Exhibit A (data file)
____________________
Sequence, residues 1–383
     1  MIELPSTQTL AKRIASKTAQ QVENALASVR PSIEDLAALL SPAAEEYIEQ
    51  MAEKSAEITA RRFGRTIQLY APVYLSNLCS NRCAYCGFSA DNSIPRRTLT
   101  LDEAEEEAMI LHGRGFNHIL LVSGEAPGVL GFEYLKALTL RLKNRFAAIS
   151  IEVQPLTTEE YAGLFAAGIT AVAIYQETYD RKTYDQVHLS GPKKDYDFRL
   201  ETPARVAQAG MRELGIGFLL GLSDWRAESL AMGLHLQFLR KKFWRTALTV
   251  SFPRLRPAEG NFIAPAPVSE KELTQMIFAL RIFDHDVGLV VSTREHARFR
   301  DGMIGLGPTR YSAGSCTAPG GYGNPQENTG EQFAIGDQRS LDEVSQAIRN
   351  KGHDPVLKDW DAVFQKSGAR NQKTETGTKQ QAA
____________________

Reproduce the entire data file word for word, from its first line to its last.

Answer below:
Sequence, residues 1–383
     1  MIELPSTQTL AKRIASKTAQ QVENALASVR PSIEDLAALL SPAAEEYIEQ
    51  MAEKSAEITA RRFGRTIQLY APVYLSNLCS NRCAYCGFSA DNSIPRRTLT
   101  LDEAEEEAMI LHGRGFNHIL LVSGEAPGVL GFEYLKALTL RLKNRFAAIS
   151  IEVQPLTTEE YAGLFAAGIT AVAIYQETYD RKTYDQVHLS GPKKDYDFRL
   201  ETPARVAQAG MRELGIGFLL GLSDWRAESL AMGLHLQFLR KKFWRTALTV
   251  SFPRLRPAEG NFIAPAPVSE KELTQMIFAL RIFDHDVGLV VSTREHARFR
   301  DGMIGLGPTR YSAGSCTAPG GYGNPQENTG EQFAIGDQRS LDEVSQAIRN
   351  KGHDPVLKDW DAVFQKSGAR NQKTETGTKQ QAA